Symphyotrichum puniceum (Purple-stemmed Aster)

Plant Info
Also known as: Red-stem Aster, Swamp Aster
Genus:Symphyotrichum
Family:Asteraceae (Aster)
Life cycle:perennial
Origin:native
Habitat:part shade, sun; moist soil; swamps, bogs, along shores, edges of woods, thickets, wet meadows
Bloom season:August - October
Plant height:1 to 7 feet
MN county distribution (click map to enlarge):Minnesota county distribution map
National distribution (click map to enlarge):National distribution map

Pick an image for a larger view. See the glossary for icon descriptions.

Detailed Information

Flower: Flower shape: 7+petals Cluster type: panicle

[photo of flowers] Branching clusters of stalked flowers at the top of the stem and arising from upper leaf axils. Flowers are 1 to 1½ inches across with 30 to 60 slender petals (ray flowers) and a yellow center disk that turns reddish purple with age. Ray color is very pale violet to bright blue-violet. The bracts (phyllaries) surrounding the base of the flower are in 4 to 6 layers, very narrow, hairless to sparsely hairy, pale green with a lance-linear green tip that is usually spreading. Flower stalks are up to 1 inch long, hairy, with a few narrow, leaf-like bracts below the flower.

Leaves and stem: Leaf attachment: alternate Leaf attachment: basal Leaf type: simple

[photo of leaves] Leaves are mostly dark green, 2 to 8 inches long and 1/3 to 1¼ inch wide, tapering to a sharp point at the tip, with fine widely spaced teeth and a prominent center vein. Leaf bases are stalkless and typically have a pair of small lobes that clasp the stem. Basal leaves are lance to spatula-shaped with winged, sheathing stalks and wither away by flowering time along with lower stem leaves.

[photo of stem and leaf hairs] Leaf texture is bristly with short hairs along the central vein on the underside, and the lower surface is typically paler than the upper. Stems are single or multiple from the base, mostly erect, usually become reddish purple as the plant matures and are sparsely to densely covered in stiff white hairs, though sometimes becomes hairless or nearly so on the lower stem.

Fruit: Fruit type: seed with plume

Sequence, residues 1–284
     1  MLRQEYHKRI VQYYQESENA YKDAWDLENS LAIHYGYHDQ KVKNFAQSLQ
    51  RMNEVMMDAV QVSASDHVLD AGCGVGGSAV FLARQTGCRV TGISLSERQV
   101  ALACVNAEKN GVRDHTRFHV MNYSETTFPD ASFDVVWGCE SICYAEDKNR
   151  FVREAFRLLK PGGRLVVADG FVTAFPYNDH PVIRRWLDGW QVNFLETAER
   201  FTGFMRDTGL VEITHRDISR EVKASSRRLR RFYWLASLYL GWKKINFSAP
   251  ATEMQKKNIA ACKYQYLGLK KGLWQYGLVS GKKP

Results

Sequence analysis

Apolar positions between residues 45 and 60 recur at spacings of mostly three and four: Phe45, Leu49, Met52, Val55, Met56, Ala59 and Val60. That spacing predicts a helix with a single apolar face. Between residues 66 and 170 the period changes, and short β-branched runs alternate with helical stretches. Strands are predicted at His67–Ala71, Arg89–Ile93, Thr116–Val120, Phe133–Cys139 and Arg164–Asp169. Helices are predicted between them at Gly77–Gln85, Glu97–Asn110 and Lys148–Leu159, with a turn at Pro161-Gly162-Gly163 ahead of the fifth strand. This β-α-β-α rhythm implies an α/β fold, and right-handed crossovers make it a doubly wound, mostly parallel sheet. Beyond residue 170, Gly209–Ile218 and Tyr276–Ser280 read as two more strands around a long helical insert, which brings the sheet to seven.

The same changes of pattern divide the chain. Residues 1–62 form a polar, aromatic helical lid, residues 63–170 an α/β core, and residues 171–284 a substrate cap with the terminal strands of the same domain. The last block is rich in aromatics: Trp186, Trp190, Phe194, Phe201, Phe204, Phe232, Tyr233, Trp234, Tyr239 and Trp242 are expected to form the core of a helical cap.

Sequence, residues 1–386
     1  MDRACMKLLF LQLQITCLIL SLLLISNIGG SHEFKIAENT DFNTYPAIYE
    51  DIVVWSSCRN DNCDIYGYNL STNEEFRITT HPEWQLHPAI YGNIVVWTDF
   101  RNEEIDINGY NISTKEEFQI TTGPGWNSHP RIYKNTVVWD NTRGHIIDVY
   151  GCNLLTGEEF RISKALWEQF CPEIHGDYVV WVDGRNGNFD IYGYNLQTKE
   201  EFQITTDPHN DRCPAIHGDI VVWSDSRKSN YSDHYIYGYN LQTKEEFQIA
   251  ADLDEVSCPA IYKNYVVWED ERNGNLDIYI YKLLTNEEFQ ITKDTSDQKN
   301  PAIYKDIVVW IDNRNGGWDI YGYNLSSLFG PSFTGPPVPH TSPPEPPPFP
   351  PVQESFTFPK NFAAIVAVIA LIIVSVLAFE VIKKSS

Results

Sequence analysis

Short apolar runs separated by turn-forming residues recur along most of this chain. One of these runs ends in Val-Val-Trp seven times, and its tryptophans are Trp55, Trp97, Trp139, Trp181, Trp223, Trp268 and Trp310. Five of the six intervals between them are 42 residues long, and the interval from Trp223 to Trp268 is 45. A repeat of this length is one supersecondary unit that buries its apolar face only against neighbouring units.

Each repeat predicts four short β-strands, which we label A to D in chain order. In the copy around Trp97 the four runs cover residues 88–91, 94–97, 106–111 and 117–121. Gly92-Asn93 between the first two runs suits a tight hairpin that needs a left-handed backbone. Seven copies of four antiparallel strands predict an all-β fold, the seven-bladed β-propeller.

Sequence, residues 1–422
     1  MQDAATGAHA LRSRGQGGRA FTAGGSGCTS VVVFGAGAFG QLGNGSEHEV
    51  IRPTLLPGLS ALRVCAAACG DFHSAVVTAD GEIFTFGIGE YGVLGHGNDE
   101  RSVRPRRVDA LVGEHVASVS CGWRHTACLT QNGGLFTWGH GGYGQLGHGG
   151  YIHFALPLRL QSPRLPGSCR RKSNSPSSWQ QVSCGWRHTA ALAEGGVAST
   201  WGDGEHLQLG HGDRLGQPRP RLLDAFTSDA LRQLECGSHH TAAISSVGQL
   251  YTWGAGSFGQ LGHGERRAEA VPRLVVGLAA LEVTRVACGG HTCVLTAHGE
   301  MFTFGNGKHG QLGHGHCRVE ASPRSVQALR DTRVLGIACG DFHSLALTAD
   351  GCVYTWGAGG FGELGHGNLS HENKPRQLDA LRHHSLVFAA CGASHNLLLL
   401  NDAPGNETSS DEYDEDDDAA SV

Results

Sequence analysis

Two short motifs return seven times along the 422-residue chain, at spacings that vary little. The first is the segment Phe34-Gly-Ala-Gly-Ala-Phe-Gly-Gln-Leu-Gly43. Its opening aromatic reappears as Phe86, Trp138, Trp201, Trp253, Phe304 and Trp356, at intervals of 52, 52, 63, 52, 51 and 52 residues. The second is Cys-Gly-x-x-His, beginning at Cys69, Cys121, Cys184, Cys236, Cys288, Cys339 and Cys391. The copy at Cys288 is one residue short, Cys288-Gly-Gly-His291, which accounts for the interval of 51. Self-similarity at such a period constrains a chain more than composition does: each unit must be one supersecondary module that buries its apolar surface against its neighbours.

Fruit is a dry seed with a tuft of white hair to carry it off in the wind.

Notes:

There are currently 2 recognized varieties of S. puniceum: var. scaricaule is only in a few southern states, and var. puniceum, described above is present throughout the eastern half of the US and all across Canada. There is much debate whether Glossy-leaf Aster (Symphyotrichum firmum) is a separate species or a variant of S. puniceum. It is generally characterized by paler, nearly white flowers, stems mostly hairless or hairy in lines, and a tendency to form large colonies from long, creeping rhizomes.

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More photos

Photos by K. Chayka taken at Vadnais/Snail Lake Regional Park, Ramsey County.

Comments

Have you seen this plant in Minnesota, or have any other comments about it?

Posted by: Kaye - Brooklyn Park
on: 2011-07-15 10:27:33

Actually, I am not sure if what I have/see is a purple-stemmed aster, but this seems to be the closest (when looking at the pictures you have uploaded). The leaves are the same, the color, too, and most everything about the flower depicts the purple-stemmed variety. So, I know that it's an aster. However, the petals are a lot more profuse, thinner. Does anyone know what kind of aster this would be?

Posted by: K. Chayka
on: 2011-07-15 10:53:36

Kaye, there are similarities between purple-stemmed aster and New England aster. It typically has more numerous and narrower rays as you describe, and is also usually a deeper purple color. The leaves tend to be shorter and a bit more blunt at the tip than purple-stemmed. Maybe that was it.

Posted by: Bob - the Zim-Sax Bog, St. Louis County
on: 2012-08-21 20:56:21

I've come across an Aster that might be the same as what Kaye is referring to. The one I found has most of the same characteristics as listed for the Purple-stemmed Aster except this one has a green stem (though the plant may just be young), has 14 slender, pale violet to blue-violet petals (with one flower approaching 15), the bracts are flush and the leaves, while finely toothed, are only up to 4-5 inches long and 1-2 inches wide, maybe more. Each leaf is also positioned directly under a new branch. The other asters listed don't seem to have the finely toothed leaves combined with the dense, fine hair that gives a coarse feel.

Posted by: K. Chayka
on: 2012-08-21 21:30:43

Bob, if the flowers only have 14 or so rays, it would not likely be purple-stemmed aster, which has at least 30, plus spreading bracts and longer, narrower leaves than you describe. If you have some images of your mystery aster post them on our Facebook page and we'll see if we can give you a confirmed ID.

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